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Higher education shake-up needed to meet the demands of Generation Z

Jellybean Learning The Future of The University Campus

Analysing data from across the sector, AUDE has produced a report looking at how universities need to develop to meet the needs of Generation Z.

The report, titled ‘Jellybean Learning, The Future of The University Campus’, created by AUDE and UnWork, challenges the historic higher education learning process in a world that has drastically changed from when it began. To remain successful, universities must understand how to teach the next generation of students. The report aims to understand what today’s 10-year olds will want from university and how the sector caters for this.

Download the full report and appendix (members only)

 

 

 

 

The digital imbalance

Today’s 10-year olds are ‘digitally dependent’, meaning they were born into a world surrounded by advanced technology, their entire childhood will have been shaped by technology and the internet. Yet, most of today’s lecturers are ‘digitally migrant’, unequipped to utilise the revolutionary technology available. Generation Z will have higher expectations for their university experience and this imbalance between generations will place a greater demand on the sector.

Over 77 per cent of students rate their learning experience as better in innovative, new spaces. Advances in artificial intelligence, internet connectivity and augmented reality are due to transform estates into immersive learning spaces. Universities will need to upgrade their digital infrastructure to cater for this.

The report has identified eight key themes estate professionals should consider to effectively address the challenges of educating today’s 10-year olds. 

  1. Prepare for the changing demographic of students
  2. Ensure that technology and technology-based learning approaches are suitable for future students
  3. Adapt the physical space
  4. Explore innovative partnerships with organisations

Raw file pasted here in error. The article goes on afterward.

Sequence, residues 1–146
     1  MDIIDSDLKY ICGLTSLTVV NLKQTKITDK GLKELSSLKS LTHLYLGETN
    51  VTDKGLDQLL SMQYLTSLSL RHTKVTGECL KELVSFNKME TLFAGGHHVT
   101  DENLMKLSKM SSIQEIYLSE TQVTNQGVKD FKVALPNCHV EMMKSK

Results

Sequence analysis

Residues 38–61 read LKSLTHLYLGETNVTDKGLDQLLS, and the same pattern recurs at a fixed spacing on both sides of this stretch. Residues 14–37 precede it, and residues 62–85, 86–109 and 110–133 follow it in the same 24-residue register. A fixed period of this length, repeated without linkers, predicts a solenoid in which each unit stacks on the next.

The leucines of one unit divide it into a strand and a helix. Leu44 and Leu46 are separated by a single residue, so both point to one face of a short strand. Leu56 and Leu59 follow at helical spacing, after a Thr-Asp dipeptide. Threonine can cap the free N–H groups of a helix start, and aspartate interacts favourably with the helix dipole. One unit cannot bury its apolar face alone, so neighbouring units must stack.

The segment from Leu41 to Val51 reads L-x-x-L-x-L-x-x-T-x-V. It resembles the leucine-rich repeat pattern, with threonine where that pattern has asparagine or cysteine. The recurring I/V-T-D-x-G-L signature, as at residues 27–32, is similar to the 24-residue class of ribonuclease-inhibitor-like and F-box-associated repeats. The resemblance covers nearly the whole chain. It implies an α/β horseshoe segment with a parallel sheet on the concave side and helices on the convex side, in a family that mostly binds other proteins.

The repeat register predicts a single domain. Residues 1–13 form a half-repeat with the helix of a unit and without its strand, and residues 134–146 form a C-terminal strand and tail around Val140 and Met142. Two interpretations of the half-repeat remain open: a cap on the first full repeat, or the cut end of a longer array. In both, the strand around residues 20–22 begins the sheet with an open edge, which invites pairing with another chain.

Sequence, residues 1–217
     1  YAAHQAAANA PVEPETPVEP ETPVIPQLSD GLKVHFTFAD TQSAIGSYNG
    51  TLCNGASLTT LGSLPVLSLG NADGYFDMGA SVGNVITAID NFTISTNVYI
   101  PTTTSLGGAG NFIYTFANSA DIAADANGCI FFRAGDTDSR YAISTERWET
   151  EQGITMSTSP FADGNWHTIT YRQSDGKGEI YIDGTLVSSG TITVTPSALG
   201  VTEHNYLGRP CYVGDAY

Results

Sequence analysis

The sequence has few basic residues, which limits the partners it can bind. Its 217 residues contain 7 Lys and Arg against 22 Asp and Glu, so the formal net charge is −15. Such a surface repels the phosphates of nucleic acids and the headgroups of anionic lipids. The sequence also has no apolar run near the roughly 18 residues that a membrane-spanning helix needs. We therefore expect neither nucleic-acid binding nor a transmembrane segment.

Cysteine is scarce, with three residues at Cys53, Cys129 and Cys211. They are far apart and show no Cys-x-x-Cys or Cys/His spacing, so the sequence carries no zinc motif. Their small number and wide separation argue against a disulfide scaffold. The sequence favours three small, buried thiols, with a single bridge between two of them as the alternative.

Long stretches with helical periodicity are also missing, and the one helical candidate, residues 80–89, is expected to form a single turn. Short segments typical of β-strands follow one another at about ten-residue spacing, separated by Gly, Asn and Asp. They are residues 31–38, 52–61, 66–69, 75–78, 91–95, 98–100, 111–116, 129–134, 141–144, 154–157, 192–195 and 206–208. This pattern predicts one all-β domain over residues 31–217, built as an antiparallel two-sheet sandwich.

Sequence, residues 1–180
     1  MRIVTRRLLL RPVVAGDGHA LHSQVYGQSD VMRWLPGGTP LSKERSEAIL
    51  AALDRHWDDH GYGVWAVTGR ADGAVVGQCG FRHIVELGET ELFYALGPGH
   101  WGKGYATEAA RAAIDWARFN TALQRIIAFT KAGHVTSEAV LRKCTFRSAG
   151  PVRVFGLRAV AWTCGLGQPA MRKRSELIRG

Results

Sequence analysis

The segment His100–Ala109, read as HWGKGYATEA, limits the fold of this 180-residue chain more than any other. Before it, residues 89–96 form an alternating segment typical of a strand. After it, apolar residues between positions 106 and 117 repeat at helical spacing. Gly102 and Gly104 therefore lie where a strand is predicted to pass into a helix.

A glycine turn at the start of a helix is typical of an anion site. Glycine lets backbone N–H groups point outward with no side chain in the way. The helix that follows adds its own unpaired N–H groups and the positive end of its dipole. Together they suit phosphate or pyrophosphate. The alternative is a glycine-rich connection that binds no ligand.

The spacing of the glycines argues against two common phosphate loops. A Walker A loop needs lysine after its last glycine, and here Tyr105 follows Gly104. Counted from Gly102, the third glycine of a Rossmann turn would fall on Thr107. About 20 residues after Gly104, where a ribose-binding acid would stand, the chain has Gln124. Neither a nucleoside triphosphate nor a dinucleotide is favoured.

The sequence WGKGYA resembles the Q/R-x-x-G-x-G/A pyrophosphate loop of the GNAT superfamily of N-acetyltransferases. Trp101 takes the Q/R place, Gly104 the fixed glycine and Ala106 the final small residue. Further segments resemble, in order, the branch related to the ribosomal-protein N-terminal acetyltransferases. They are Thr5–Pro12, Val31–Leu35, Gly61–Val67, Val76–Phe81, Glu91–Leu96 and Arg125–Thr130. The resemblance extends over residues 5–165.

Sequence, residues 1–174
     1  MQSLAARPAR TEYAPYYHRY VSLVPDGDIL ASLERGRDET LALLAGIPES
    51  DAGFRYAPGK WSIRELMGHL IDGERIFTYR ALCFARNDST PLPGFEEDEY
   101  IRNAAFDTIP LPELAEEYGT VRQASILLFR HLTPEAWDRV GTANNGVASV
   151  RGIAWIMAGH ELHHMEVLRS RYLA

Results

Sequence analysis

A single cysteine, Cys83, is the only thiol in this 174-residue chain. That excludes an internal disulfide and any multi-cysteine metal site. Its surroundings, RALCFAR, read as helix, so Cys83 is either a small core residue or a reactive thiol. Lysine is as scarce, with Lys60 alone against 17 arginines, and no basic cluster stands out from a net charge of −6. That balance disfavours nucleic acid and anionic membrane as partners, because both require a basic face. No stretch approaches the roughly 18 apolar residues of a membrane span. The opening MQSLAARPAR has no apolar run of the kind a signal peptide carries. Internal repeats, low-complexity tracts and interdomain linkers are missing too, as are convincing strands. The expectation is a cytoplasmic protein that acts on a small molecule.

5. Utilise the vast potential to gather and analyse data
  6. Co-locate with corporations, markets and new clusters of business
  7. Start investigating models of smart buildings
  8. Blur boundaries between campus and non-campus

Bringing the world into the classroom

The sector can learn from best practice across the world. For example, the Harvard Business School wanted to connect digitally with students outside of the classroom but found traditional video capture (one camera filming one lecturer) made teachers less engaging. To overcome this, they have pioneered a new technology, an immersive and interactive virtual space that can be accessed from anywhere in the world. A roaming camera operator, five stationary cameras and the laptop cameras of up to 60 students work together to create a collaborative teaching environment. The classroom can connect to an entire world of students to deliver content in a manner that addresses some of the ways in which education is changing and will continue to change for future learners.

Sue Holmes, AUDE executive and director of estates and facilities at Oxford Brookes University, said: “Society and technology are drastically changing, and while there has been some improvement, the higher education sector needs to keep up. This report clearly highlights the needs of Generation Z and the challenges this brings to the sector.

“We aim to give estates professionals the best advice we can to help them build outstanding facilities for their students. We have outlined the key areas to consider in order to face the challenge head on and create immersive and innovative learning spaces for the next generation.”

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